5 Tips to a Better Design Career

By December 31, 2015 No Comments

AIGI Portfolio Review logo

I was fortunate enough to volunteer my talents as a judge at the AIGA Portfolio Review held recently at St. Edward’s University in Austin, TX. Part of this annual event encourages students to share their work with professionals working in the design industry.

For many students, it’s their first time out of the classroom where they are showing their work to potential employers and folks responsible for hiring creatives. Students came from universities and colleges all over the region including University of Texas, Texas State University, Schreiner University, Austin Community of College, and Art Institute of Austin.

All-in-all, 50 student candidates participated in this day-long event. Each was given 20-30 minutes to share thier portfolio. Presentation skills and craftsmanship were on full display as the students walked through their work. Suggestions were made by the judges on how best to present concepts and advice given on how to get into the industry.

The event was punctuated with panels and other great opportunities for students to pick up information. Most feedback was positive although a few students lamented the content of their classes.

While I agree that design programs can vary in quality, I strongly believe that it is up to the individual to set themselves on the right path to success. With that in mind, I decided to devise five simple tips to help students get acclimated to design life outside the classroom. I’m relying on my background as a designer in agency environments as well as in my experience as Art Director and Design Director.

My advice for aspiring designers is as follows:

  1. Be ready to put in the time/pay your dues. Unfortunately, many designers believe that upon graduation they’ll land a big agency job, win several prestigious awards, and blaze a trail in the industry from the onset. While some designers are able to succeed immediately upon graduation, it doesn’t always work out that way. Good things come to the designers who do their homework, put the hours and hours needed to become proficient, and really love what they do. Be persistent, stay hungry, and work for everything.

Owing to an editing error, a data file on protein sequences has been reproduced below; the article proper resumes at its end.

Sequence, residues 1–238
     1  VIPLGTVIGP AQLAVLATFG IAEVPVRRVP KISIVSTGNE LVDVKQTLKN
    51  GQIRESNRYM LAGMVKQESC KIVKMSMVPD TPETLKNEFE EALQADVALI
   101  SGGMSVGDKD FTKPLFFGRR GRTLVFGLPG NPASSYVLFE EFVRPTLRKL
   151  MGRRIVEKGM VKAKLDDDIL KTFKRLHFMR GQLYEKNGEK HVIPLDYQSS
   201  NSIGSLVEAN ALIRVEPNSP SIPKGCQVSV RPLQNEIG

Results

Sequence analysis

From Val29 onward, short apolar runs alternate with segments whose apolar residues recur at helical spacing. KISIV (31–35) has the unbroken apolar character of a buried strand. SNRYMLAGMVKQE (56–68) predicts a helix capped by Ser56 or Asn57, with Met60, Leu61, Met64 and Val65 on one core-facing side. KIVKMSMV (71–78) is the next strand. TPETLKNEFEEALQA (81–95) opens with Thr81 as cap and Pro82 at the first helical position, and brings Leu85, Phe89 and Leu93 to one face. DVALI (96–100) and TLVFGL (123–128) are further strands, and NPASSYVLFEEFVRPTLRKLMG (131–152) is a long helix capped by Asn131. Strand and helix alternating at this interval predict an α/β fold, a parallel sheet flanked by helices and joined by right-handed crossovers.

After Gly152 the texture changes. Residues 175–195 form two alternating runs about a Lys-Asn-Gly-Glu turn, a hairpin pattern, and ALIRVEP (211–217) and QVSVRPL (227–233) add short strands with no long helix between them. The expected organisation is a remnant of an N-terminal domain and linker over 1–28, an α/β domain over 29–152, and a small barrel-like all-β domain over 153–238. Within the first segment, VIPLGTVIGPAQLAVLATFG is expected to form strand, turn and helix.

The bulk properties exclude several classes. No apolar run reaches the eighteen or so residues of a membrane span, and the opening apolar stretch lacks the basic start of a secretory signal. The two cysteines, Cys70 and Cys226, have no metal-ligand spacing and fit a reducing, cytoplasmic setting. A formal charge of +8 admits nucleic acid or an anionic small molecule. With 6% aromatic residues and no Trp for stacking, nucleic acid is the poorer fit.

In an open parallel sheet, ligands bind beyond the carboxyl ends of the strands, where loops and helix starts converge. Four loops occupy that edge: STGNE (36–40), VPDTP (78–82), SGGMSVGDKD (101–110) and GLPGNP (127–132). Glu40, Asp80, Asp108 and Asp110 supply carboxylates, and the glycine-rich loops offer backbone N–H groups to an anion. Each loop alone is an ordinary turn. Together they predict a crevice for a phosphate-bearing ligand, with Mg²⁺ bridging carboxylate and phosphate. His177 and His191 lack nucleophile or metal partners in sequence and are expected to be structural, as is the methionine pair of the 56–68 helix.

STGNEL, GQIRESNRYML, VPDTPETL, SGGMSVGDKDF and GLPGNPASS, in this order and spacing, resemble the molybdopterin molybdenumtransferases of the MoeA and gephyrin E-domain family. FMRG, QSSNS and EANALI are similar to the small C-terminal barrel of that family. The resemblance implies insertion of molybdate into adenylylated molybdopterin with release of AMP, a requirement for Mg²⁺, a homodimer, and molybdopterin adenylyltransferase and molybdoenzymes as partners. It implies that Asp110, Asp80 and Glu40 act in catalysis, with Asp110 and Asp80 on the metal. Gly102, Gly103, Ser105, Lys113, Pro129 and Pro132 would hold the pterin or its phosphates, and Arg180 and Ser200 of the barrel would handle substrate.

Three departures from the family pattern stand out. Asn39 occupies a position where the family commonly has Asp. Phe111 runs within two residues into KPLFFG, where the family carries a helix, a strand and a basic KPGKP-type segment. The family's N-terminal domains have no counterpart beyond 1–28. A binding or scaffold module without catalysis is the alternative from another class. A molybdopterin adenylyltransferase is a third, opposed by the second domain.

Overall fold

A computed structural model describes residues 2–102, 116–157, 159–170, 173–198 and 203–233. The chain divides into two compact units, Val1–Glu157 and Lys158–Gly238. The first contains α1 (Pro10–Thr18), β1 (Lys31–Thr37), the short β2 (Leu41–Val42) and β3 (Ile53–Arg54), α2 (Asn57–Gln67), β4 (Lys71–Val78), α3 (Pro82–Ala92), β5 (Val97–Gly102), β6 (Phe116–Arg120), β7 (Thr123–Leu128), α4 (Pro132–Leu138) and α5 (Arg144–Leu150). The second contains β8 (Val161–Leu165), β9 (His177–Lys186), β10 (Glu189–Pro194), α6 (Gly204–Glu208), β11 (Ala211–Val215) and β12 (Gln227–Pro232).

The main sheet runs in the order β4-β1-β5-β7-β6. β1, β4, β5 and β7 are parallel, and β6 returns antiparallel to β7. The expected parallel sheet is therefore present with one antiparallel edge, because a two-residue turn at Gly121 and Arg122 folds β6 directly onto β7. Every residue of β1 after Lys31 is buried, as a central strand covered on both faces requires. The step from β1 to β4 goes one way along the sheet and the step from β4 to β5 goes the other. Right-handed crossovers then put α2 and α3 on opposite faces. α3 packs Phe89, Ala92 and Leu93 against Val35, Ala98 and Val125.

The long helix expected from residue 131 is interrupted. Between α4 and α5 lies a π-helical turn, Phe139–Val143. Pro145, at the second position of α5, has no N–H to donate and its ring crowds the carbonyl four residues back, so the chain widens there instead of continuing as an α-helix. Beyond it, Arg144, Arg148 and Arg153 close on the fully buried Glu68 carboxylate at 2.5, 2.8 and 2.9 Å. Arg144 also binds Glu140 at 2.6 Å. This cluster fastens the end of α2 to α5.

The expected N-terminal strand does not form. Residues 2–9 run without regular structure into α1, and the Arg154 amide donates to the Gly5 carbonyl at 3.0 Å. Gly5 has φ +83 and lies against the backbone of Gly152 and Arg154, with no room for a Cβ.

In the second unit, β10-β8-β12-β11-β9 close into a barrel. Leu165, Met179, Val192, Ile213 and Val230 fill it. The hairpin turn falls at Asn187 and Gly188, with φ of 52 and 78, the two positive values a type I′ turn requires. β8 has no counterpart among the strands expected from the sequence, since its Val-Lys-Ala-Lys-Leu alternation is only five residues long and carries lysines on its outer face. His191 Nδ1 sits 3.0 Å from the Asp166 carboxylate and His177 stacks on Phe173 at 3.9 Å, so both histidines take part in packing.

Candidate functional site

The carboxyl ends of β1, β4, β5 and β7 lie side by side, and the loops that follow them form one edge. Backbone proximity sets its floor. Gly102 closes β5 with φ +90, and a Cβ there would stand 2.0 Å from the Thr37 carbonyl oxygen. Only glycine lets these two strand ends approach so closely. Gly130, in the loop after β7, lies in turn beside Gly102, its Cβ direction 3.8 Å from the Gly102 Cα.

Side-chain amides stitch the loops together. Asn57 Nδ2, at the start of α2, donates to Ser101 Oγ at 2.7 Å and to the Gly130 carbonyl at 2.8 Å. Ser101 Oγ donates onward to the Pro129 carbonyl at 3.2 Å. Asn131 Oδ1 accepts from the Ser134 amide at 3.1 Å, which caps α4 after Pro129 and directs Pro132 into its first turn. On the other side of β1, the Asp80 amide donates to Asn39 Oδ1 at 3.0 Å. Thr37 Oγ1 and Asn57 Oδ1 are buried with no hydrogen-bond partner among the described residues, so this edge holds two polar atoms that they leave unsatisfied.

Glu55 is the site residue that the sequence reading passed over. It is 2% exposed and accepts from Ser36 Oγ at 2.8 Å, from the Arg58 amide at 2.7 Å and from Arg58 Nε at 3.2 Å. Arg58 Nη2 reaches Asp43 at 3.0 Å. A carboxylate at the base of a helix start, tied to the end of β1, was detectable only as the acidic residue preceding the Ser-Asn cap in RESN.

2. Know what you want and what companies want. Decide what aspect of design you excel at, and make that your focus. Make sure there is a need for that particular service in the industry and target employers who are used to hiring designers. Not everyone in your area is looking for someone who specializes in packaging design. If you’ve determined that is your niche, make sure you go to where the work is by contacting companies you’ve researched that work with packaging designers.
  3. Showcase your uniqueness. Although there are exceptions, not everyone is a rock star programmer/designer/illustrator. Unless you’re looking to strike it out on your own, make yourself appealing to employers by doing your homework and tailor your portfolio accordingly. Everyone nowadays claims they are a graphic designer. In reality, many haven’t dedicated a four year degree or even had a formal education learning the basics as you have. To stand out, make sure you’re providing a different take on your niche by being the best, first, fastest, only, person doing what you are doing. Differentiation is key
  4. See projects through to completion. If all you have is student work, convince your potential employer that your project could actually be a real product. Show your entrepreneurial side by mocking up packaging, taking pictures of it on store shelves, and creating a website to support your effort. Try pitching your idea to an investor and share your experience during the interview.
  5. Get real-world experience. Whenever you can show and prove results, do so. People want to see how you’ve solved specific client challenges. Moreover, it gives them a direct sense of how you can help them. Crafting stories based on the challenge, how you solved it, and the result will convey to your potential employer that you are interested in creating value for the company.

For further information on any of these topics, feel free to contact me. I’d be happy to share resources and discuss ways in which you can hone your message and improve your chances of landing the perfect position.

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